(k) A person firing weapons in a safe and secure indoor range for testing and target practice;

    (l) A person traveling by private conveyance when the weapon is securely encased or in a public conveyance when the weapon is securely encased and not in the person's manual possession;

    (m) A person while carrying a pistol unloaded and in a secure wrapper, concealed or otherwise, from the place of purchase to his or her home or place of business or to a place of repair or back to his or her home or place of business;

    (n) A person possessing arms at his or her home or place of business;

    . . .

    (5) POSSESSION IN PRIVATE CONVEYANCE.--Notwithstanding subsection (2), it is lawful and is not a violation of s. 790.01 for a person 18 years of age or older to possess a concealed firearm or other weapon for self-defense or other lawful purpose within the interior of a private conveyance, without a license, if the firearm or other weapon is securely encased or is otherwise not readily accessible for immediate use. Nothing herein contained prohibits the carrying of a legal firearm other than a handgun anywhere in a private conveyance when such firearm is being carried for a lawful use. Nothing herein contained shall be construed to authorize the carrying of a concealed firearm or other weapon on the person. This subsection shall be liberally construed in favor of the lawful use, ownership, and possession of firearms and other weapons, including lawful self-defense as provided in s. 776.012.








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    The original Florida constitution states:
    That the free white men of this State shall have the right to keep and to bear arms, for their common defense.
    i.e. - it "granted" a right.

    In 1868 it was changed to read:
    The people shall have the right to bear arms in defense of themselves and of the lawful authority of the State.
    i.e. - basically the same thing, except not just for white men.

    It was not until 1885 that the "shall not be infringed" wording came into use in FL, although it was also at this time that the constitution allowed the legislature to regulate how firearms could be carried. This is not an uncommon concept for state constitutions around the country:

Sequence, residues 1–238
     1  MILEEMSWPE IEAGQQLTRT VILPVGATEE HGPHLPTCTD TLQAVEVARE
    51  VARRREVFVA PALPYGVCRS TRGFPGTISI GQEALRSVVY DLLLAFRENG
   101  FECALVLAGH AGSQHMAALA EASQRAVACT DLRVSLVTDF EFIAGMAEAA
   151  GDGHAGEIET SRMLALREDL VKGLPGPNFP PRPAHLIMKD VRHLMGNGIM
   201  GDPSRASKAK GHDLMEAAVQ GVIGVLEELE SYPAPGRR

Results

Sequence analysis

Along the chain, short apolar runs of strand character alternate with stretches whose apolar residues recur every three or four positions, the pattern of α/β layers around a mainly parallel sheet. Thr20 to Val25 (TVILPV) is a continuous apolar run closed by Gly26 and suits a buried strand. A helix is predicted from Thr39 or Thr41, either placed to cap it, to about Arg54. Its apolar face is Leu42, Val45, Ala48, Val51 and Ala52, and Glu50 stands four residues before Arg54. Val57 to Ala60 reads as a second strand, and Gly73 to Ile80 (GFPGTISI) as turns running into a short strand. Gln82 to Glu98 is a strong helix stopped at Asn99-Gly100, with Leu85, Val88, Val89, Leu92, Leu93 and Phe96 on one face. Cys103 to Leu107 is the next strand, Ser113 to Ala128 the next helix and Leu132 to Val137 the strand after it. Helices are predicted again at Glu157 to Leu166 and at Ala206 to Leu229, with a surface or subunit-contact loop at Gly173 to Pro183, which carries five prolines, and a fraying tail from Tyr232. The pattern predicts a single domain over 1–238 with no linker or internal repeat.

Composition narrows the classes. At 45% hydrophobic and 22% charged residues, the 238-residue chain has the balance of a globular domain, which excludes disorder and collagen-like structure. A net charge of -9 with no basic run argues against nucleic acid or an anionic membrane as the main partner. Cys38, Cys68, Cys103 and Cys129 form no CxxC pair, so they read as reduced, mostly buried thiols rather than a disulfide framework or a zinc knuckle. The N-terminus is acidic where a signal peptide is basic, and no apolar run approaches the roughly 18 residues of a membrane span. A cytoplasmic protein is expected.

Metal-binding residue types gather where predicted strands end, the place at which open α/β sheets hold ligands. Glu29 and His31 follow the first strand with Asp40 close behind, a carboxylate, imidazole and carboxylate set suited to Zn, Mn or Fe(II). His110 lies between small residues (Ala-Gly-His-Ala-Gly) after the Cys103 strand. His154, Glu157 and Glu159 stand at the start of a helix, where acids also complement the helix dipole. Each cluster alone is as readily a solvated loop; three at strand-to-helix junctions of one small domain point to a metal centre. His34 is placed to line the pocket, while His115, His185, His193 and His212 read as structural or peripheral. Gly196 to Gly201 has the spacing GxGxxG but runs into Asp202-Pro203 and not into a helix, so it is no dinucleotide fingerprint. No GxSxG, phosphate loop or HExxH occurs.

The right of the people to bear arms in defense of themselves and the lawful authority of the State, shall not be infringed, but the Legislature may prescribe the manner in which they may be borne.
    In 1968, the constitution was re-written, but the the right to keep an bear arms remained the same, with only minor wording changes:
    The right of the people to keep and bear arms in defense of themselves and of the lawful authority of the state shall not be infringed, except that the manner of bearing arms may be regulated by law.
    Finally, in 1990, additional text was (stupidly) added which ironically add restrictions and rules on an item which falls under the section of the constitution titled "Declaration of Rights":
    There shall be a mandatory period of three days, excluding weekends and legal holidays, between the purchase and delivery at retail of any handgun. ... Holders of a concealed weapon permit as prescribed in Florida law shall not be subject to the provisions of this paragraph.
    So, to answer the original question at hand, the legislature has been allowed to regulate carrying of firearms (in public, it is assumed) since shortly after the civil war. However, there is an interesting reason this power was given to the legislature. At the time, free white men could carry a gun as they pleased, but freed black slaves were not trusted by their former masters. Therefore, in order to prevent them from exercising their right to bear arms, it was necessary to ammend the constitution to allow the legislature to regulate how a firearm may be borne. Unfortunately, the racist wording has never been removed from our constitution.

    A history of the FL Constitution can be found here: http://www.law.fsu.edu/crc/conhist/contents.html

    and a discussion of the FL Constition (as related the required waiting period) here:
    http://www.gregandbeth.com/blog/inde...iew&id=743

  5. #5
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    Did I miss it or did you notice that in the 1865 Constitutionthere was no provisions what-so-ever concerning the right to keep and bear arms. Glad they corrected that.